Wednesday, April 20, 2011
I just saw a summary of a talk at Columbia Law School by Curtis Milhaupt, an expert on Japanese Law. Here's what he says about liability for Tokyo Electric Power Co. (TEPCO):
Japanese law provides for strict and unlimited liability for a nuclear plant operator except for damages caused by a “grave natural disaster of exceptional character, which Milhaupt said would seem to apply here.“To an American lawyer, if this doesn’t constitute a grave natural disaster, I don’t know what would,” said Milhaupt, an expert on Japanese law. “But very interestingly, several government officials came out shortly after the accident and said this exception does not apply.”Even if Tepco were to claim the exception did apply, Milhaupt said that could create problems for the company. “The public anger at Tepco is so great that this may be a pyrrhic victory.”Milhaupt, the Parker Professor of Comparative Corporate Law and Fuyo Professor of Japanese Law, said that suits may also be brought under Japanese corporate and securities laws. “One could imagine suits brought against Tepco by investors for misleading disclosure with respect to its crisis management systems,” said Milhaupt. He added that Tepco’s board of directors might also be sued for ignoring signs that its disaster prevention systems were woefully inadequate.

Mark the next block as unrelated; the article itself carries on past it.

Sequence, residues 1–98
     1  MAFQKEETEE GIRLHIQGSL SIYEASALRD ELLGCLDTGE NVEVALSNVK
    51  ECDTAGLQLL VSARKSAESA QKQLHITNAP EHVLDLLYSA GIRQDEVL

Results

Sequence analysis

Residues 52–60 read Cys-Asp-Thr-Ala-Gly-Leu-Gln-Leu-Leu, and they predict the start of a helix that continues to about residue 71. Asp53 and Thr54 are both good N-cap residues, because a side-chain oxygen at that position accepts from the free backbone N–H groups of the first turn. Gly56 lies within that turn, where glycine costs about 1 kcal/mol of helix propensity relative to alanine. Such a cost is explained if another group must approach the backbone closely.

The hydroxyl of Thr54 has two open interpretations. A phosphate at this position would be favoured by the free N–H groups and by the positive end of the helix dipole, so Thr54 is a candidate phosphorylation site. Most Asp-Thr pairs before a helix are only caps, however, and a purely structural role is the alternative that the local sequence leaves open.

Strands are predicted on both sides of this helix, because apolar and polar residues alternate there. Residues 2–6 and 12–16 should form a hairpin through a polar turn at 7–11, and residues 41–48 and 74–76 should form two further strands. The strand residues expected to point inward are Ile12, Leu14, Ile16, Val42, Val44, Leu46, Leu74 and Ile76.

This could drive TEPCO into bankruptcy, but it won't because TEPCO is too big to fail. Milhaupt says
“Bankruptcy for Tepco is extremely unlikely. It’s too important a company for Japan and the impact on the other power companies would be too great,” Milhaupt said. “Whether through nationalization, or through capital injections, the bottom line is the Japanese government will have to support Tepco for years to come.”